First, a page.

The company has also reduced the footprint and scope of the remote control again, shifting from the candybar-sized Rz1 to the smaller Rz6—a unit that lacks iPod/iPhone screen navigation features. Counterintuitive though it may seem, Rz6 outperforms Rz1 just by working properly: it doesn’t let you move up and down through iPod/iPhone screens from a distance, but it’s not as line-of-sight dependent as Rz1 was with iP90, and worked from 30-foot distances. On-screen navigation has never been our top priority with speaker dock remotes, so the omission here isn’t huge.
A bigger change in iA91 is the addition of app compatibility. Unlike the iP90, this model works with the free iHome + Sleep and paid iHome + Radio applications, which last year were only available for considerably higher- and lower-performance iHome speakers. iHome + Sleep provides not only additional software alarms and a pretty clock interface, but also direct control over iA91’s two integrated hardware alarms, which continue to offer 7-5-2 repeat settings and the ability to wake you from a buzzer, the connected device, a specific playlist, or either of the radios. The app also provides easy access to a nap timer, treble and bass adjustments for the speakers, brightness and time/date settings for the clock, and other controls that are far easier to handle with the intuitive software than with multiple clicks of the unit’s buttons. iHome + Sleep is a great app, and assuming that you have an iPod touch or iPhone, it makes the iA91 even better.
All of that having been said, iA91’s aesthetic, remote, and app enhancements do come at the cost of some speaker performance. The gains iP9 and iP90 made over their predecessors have been reduced here, as iA91’s speakers have less power than iP90’s, making music sound a little less full-bodied and a little more treble-heavy, while modestly reducing the peak volume level. Average users will neither notice nor care about these differences, but when iP90 and iA91 are placed side by side and used with seemingly identical volume, bass, treble, and “3-D sound” settings, iP90 sounds better—a bit bigger and richer. To be clear, iA91 generally sounds quite good given all that it includes for the $100 asking price; the sound has noticeably more treble and bass detail than in some $100 (and less expensive) alarm clocks, and you can play with the bass and treble settings to achieve a more dynamic balance. However, we did notice that iA91’s otherwise similar FM radio sometimes sounded unduly harsh in the treble department when 3-D sound was turned on, something that a firmware update to the unit hopefully will correct soon.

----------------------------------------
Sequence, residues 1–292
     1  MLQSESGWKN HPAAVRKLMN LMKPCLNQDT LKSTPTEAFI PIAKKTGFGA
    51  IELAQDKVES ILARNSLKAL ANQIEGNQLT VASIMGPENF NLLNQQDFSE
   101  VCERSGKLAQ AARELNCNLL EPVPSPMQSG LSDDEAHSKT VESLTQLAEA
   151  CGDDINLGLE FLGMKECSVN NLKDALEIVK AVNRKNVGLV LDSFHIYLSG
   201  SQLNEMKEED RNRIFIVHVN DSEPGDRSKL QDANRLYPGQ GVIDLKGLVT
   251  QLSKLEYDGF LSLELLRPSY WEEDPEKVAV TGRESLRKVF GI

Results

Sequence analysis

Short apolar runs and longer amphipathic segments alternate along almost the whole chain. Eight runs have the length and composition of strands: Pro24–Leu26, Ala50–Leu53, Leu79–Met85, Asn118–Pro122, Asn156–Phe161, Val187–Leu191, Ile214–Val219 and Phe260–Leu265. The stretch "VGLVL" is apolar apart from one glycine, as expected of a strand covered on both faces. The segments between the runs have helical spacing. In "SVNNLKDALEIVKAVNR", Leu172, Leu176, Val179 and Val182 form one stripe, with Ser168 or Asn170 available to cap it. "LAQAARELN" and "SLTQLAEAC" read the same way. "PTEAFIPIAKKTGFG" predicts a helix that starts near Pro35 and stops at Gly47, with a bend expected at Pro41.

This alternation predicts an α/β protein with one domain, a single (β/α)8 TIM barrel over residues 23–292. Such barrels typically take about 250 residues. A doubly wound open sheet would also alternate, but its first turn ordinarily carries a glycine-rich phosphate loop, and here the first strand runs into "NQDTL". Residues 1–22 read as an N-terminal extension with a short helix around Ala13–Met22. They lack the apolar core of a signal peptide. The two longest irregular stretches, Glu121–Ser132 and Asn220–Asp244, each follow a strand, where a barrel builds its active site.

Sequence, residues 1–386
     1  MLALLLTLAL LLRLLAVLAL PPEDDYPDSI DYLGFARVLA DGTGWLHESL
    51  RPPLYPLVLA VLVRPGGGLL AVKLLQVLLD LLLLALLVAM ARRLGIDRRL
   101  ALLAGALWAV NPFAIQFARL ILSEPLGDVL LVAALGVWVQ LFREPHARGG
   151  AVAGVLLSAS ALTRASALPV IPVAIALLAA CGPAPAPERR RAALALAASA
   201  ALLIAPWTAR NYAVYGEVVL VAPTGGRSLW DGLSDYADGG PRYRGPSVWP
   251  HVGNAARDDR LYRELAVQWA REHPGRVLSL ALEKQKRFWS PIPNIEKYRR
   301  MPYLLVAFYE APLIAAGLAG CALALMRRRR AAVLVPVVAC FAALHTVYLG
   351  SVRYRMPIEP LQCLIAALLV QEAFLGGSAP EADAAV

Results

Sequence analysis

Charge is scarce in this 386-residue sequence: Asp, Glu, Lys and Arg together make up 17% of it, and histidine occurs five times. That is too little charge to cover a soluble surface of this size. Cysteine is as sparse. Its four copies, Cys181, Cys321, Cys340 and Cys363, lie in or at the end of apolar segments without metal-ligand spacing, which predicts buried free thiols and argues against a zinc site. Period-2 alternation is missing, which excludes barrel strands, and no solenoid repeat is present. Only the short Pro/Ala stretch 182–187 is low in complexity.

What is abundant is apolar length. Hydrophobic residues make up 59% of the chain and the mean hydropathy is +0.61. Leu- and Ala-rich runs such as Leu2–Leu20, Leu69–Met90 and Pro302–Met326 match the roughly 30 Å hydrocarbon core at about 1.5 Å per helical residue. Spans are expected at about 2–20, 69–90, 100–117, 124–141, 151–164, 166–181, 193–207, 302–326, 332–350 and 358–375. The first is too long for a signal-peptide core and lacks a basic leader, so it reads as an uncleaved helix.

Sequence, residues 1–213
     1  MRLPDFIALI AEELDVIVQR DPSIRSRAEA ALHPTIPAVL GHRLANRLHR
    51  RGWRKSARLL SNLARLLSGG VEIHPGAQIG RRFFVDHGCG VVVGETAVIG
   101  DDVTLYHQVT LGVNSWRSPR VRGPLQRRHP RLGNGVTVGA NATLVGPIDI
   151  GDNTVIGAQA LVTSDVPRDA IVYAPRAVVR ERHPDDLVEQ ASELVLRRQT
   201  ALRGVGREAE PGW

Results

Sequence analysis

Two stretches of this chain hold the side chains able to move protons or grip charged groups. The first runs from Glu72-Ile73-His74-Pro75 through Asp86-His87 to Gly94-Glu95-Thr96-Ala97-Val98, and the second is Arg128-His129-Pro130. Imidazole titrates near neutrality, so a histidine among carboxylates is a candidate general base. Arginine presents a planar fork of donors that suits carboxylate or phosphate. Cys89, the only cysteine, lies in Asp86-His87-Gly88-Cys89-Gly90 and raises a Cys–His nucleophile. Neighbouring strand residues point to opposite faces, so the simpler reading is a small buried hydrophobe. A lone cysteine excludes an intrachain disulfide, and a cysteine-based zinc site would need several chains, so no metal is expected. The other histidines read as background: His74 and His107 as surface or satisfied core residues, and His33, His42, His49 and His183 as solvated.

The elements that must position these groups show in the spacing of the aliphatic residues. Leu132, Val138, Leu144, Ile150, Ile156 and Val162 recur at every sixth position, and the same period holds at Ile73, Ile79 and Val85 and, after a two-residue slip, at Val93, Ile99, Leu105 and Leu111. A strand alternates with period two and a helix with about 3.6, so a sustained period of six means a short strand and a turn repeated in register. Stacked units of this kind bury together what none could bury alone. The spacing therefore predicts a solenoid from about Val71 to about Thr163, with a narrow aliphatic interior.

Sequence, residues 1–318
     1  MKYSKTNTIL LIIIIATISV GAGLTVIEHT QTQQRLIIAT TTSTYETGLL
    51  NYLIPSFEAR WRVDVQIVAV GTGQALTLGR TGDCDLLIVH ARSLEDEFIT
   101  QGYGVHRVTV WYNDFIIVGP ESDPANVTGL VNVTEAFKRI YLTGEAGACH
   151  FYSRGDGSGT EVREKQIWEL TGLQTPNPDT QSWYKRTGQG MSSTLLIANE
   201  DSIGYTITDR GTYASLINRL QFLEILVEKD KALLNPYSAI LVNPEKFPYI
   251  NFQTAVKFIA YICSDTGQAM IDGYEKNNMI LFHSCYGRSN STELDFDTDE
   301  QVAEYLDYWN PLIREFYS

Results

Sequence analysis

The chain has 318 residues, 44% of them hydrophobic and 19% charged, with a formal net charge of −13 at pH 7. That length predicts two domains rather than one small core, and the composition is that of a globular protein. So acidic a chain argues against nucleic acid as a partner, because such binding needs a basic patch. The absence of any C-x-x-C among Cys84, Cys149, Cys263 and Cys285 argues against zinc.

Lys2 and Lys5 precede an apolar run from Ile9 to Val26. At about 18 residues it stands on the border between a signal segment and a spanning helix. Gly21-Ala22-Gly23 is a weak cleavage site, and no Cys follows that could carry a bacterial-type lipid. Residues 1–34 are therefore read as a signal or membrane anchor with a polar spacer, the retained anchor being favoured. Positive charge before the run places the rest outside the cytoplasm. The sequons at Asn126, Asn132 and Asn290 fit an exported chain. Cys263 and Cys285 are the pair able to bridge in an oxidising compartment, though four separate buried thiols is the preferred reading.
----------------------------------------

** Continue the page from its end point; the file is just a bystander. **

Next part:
Overall, iA91 is on the fine edge of “very good” and “great,” and that’s probably entirely iHome’s intention this year. It can’t fairly be described as an across-the-board improvement to last year’s iP90 due to the speaker and remote control changes, factors that might weigh in favor of a “very good” conclusion, yet these omissions are offset by tangible improvements to the unit’s aesthetics, footprint, and app compatibility. On balance, we think that iA91 is as highly recommendable as its predecessor was, though it has somewhat different strengths and weaknesses. If you’re interested in a unit with more raw speaker power and willing to lose app compatibility and accept a larger chassis, go with iP90. But if a smaller, cooler-looking body with app control appeals to you, iA91 is the better choice. If we had to pick just one, we’d go with the iA91, but it’s hard to go wrong with either unit for the asking price.